How have Fani Willis and Nathan Wade responded?

During her combative testimony last month, Ms Willis acknowledged a romantic relationship with Mr Wade, but argued that allegations of impropriety were unfounded and had no bearing on the election interference case.

She also denied testimony by her former friend, Robin Yeartie, that Ms Willis' affair with Mr Wade began before he joined the Trump case.

Ms Yeartie told the court she saw the pair hugging and kissing years before the case, and had "no doubt" the relationship started in 2019.

On the witness stand, Ms Willis insisted she and Mr Wade split the cost of their holidays together, which included two cruises to the Bahamas, and trips to Napa Valley, California, and Caribbean resorts in Aruba and Belize.

Mr Wade denied that he shared his compensation for working on the case with Ms Willis, adding that he never cohabitated, shared household expenses, or held a joint account with Ms Willis.

Ms Willis said in January that her critics were playing "the race card".

In an emotional speech at a church's Martin Luther King Jr Day celebration, she said she appointed three prosecutors but "they only attacked one", adding that the other two outside lawyers were white.

A lawyer for Mr Roman denies race was a factor in his accusations.

How does this affect Donald Trump?

Mr Trump has seized on the allegations.

He said on his social network, Truth Social, that the "lovebirds" were targeting him "in order to ENRICH themselves, and to live the Lifestyle of the Rich and Famous".

Mr Trump joined his co-defendant's motion to disqualify Ms Willis, arguing she violated state bar rules by claiming racism was motivating the effort to oust her.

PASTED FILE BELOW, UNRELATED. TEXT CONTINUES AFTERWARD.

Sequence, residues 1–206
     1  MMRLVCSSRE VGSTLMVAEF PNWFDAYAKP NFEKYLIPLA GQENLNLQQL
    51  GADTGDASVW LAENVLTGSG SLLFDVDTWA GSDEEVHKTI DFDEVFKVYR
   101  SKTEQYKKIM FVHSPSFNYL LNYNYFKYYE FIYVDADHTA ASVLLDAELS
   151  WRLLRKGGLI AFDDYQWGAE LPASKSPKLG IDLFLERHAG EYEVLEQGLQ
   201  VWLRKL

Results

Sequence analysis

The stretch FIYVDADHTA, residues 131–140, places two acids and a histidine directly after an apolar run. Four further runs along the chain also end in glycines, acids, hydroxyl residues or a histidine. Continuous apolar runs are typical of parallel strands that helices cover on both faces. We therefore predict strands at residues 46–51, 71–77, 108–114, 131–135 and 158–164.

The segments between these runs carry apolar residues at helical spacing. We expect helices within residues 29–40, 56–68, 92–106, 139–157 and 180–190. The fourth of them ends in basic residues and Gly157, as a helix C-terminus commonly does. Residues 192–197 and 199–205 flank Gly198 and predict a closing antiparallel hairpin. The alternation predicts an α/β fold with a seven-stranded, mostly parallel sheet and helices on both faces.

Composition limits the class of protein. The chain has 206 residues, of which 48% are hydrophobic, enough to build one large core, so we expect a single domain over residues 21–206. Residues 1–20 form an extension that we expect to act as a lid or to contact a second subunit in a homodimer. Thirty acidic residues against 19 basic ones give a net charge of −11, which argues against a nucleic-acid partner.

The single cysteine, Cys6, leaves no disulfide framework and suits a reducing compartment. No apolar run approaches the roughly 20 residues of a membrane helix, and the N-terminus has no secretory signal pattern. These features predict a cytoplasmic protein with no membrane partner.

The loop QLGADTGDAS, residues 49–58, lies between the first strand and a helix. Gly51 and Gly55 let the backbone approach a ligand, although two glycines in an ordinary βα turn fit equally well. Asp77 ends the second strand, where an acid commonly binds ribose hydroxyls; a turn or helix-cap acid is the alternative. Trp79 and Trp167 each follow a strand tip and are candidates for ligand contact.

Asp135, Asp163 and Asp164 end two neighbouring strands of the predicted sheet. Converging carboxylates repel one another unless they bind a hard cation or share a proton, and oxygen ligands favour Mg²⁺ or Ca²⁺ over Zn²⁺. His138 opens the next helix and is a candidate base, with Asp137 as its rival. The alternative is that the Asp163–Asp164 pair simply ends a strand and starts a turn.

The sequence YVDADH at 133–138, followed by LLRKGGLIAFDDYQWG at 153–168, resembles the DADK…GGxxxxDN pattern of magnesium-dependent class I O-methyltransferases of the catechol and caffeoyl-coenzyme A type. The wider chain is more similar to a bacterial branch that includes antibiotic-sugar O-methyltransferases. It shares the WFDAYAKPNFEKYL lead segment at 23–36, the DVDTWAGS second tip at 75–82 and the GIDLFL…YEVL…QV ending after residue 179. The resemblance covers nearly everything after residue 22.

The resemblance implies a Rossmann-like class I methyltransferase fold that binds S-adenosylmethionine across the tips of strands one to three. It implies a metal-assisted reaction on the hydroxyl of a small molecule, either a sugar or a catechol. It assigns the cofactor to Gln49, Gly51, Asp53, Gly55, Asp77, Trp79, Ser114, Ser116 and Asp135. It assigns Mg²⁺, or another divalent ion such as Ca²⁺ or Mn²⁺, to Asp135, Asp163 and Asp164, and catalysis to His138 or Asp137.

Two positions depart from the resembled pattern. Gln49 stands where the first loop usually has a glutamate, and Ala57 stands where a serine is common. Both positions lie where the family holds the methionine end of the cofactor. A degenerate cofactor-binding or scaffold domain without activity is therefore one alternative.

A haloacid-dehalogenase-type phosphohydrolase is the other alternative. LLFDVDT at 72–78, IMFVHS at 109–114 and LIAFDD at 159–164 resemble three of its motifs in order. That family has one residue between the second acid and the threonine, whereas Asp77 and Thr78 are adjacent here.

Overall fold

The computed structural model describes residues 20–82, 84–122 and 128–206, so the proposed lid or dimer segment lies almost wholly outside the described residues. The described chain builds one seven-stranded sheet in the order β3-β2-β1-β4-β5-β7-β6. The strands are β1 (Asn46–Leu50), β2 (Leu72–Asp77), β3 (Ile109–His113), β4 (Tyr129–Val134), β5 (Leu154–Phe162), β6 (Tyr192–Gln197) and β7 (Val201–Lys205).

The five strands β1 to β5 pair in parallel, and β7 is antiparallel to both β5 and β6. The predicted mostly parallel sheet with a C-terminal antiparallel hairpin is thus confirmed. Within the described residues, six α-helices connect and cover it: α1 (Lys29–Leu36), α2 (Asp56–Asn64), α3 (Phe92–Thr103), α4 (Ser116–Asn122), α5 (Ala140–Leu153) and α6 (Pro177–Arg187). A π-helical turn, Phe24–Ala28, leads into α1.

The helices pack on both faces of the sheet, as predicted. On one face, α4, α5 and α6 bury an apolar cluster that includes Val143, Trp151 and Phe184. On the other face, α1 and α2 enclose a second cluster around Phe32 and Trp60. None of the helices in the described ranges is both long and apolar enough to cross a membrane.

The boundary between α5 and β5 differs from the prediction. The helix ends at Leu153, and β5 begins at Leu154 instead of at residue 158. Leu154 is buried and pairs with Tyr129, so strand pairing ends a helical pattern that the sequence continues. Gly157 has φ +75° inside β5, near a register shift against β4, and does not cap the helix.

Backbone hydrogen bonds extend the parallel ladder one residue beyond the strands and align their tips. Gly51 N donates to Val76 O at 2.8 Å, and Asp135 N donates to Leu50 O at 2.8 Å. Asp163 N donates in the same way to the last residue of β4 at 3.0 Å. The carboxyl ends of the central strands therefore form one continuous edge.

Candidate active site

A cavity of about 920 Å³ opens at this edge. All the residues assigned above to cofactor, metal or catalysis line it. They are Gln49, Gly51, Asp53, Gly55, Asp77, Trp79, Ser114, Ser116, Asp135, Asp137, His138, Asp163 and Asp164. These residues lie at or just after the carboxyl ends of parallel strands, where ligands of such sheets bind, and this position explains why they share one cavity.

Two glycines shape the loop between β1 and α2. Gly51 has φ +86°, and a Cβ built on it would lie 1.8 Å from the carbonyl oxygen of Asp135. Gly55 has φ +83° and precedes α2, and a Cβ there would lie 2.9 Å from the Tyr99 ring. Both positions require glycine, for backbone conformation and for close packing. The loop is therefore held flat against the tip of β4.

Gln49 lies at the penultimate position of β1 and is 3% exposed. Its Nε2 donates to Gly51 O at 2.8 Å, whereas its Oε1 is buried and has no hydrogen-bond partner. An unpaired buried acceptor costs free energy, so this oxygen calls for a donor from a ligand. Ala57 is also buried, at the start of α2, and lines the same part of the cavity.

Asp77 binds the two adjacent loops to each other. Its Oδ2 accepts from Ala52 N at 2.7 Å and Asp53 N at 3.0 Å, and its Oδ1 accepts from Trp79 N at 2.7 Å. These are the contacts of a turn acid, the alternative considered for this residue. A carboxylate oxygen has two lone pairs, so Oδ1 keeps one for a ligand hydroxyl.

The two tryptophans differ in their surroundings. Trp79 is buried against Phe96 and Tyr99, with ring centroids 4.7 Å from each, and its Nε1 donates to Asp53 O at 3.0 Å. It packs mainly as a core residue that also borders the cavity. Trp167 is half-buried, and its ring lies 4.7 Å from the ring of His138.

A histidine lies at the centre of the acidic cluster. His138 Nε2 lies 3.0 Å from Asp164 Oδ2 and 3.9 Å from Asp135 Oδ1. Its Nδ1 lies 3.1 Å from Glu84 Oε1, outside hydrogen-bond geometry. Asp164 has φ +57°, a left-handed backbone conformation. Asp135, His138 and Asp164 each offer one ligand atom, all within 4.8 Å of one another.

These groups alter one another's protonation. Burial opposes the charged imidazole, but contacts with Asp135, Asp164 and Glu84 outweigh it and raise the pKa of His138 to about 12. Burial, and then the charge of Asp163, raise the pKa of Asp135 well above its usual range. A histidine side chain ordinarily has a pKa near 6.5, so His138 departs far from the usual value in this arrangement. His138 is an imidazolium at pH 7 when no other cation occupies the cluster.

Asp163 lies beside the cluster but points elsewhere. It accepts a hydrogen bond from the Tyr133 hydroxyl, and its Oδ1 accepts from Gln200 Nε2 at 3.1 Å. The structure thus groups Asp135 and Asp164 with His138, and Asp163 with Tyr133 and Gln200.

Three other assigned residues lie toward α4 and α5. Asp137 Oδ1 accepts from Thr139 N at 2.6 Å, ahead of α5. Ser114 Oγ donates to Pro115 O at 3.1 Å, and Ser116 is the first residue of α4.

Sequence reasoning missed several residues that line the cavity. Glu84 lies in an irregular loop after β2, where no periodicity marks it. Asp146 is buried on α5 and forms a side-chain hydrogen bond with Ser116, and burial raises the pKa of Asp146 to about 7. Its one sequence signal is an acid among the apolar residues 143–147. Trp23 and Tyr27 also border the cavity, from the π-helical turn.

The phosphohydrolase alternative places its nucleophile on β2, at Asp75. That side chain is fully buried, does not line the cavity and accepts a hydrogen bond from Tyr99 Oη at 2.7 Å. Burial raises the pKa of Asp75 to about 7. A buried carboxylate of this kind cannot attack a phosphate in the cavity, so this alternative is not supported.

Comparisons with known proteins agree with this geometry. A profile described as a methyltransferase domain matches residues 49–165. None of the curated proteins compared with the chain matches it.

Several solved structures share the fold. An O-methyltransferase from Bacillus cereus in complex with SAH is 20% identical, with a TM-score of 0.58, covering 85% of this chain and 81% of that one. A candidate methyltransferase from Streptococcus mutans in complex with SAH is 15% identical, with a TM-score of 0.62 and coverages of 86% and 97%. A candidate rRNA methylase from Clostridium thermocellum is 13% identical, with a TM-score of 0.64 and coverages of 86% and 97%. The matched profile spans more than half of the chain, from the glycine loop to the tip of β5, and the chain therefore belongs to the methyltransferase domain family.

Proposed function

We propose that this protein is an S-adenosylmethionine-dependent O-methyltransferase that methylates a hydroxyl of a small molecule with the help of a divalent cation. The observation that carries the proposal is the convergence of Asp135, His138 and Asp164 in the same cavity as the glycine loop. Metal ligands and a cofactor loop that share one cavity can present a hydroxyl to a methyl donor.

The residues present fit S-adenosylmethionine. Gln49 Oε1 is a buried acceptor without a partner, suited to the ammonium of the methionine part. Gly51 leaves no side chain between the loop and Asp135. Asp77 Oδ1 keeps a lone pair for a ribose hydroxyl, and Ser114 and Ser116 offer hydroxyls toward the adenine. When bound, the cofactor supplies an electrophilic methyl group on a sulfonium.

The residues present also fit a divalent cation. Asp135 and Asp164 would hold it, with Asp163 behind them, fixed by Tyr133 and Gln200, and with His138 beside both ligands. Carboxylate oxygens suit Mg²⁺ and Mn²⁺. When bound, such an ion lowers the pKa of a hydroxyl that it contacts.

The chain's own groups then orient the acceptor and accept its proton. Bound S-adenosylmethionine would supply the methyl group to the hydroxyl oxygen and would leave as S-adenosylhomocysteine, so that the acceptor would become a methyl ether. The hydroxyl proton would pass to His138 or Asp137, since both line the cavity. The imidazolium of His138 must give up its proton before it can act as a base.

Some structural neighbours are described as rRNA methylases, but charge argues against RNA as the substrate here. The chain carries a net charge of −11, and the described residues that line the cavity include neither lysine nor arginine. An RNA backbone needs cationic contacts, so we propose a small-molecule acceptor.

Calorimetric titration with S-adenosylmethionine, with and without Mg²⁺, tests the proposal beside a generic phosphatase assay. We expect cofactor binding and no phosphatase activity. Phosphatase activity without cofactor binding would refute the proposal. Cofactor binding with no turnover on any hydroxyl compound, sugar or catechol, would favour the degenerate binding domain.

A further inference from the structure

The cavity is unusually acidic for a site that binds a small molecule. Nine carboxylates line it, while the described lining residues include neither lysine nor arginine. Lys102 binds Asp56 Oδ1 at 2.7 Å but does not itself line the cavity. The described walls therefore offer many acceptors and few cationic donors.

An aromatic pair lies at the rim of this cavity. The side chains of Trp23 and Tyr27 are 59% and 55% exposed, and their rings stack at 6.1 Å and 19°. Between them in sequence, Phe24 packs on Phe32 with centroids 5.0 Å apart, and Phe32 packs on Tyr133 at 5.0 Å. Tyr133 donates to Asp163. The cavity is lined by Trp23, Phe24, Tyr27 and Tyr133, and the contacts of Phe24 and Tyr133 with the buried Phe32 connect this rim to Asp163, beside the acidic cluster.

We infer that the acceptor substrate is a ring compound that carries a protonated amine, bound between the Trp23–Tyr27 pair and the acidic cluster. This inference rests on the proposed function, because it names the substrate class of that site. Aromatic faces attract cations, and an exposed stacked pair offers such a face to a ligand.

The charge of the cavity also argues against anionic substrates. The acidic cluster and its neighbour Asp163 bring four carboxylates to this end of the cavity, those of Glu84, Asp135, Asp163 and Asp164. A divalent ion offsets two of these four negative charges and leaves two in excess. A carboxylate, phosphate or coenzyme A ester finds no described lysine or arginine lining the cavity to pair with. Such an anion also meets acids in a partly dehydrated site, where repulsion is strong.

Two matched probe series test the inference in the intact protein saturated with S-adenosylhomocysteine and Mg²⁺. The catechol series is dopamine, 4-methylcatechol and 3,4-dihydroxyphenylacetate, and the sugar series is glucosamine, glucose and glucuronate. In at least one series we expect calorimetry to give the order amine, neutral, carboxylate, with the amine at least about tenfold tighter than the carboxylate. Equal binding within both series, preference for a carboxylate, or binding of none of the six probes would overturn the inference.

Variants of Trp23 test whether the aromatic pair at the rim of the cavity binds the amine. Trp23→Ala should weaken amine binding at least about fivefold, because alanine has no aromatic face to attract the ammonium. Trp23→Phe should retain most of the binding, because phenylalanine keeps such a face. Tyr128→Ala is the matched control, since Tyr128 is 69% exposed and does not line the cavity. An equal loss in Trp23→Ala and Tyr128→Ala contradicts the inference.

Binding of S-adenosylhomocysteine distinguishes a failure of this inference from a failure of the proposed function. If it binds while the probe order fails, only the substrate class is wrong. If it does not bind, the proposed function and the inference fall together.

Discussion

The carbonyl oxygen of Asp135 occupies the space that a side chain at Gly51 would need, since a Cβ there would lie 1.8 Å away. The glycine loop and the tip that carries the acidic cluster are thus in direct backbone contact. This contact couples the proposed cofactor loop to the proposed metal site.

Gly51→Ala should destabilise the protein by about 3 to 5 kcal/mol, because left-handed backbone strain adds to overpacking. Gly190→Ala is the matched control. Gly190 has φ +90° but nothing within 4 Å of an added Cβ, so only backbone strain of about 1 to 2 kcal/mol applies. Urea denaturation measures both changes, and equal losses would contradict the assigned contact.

Could the Georgia case collapse?

The challenge could set back the proceedings, but there is so far no indication the case itself will collapse.

Anthony Michael Kreis, a professor at Georgia State University College of Law, told the BBC: "A disqualification poses a real danger to the work done by the Fulton County DA's Office."

He said the legal threshold to remove her over a conflict of interest would be high. But if the defendants persuade a judge to disqualify Ms Willis, her entire office would be off the case.

Another office would have to be appointed, Prof Kreis explained. In that scenario, it is possible the trials would proceed as planned.

Or the new prosecutor could "make light plea deals, or even give up on the endeavour entirely", said Prof Kreis.

Who is Nathan Wade?

Once a municipal court judge, Mr Wade is a trial attorney who has "decades of experience helping clients facing divorce, separation, and child-custody issues", according to his firm's website.

In her speech at the church, Ms Willis hailed him as a "great friend and a great lawyer", and a legal "superstar" with "impeccable credentials".

But his website and career show little experience with complex criminal cases like Mr Trump's.

Still, Mr Wade was a "super competent judge" who was "timely, efficient with the docket and respectful", Holly Waltman, a criminal defence lawyer who knows him, told the BBC's US partner CBS News.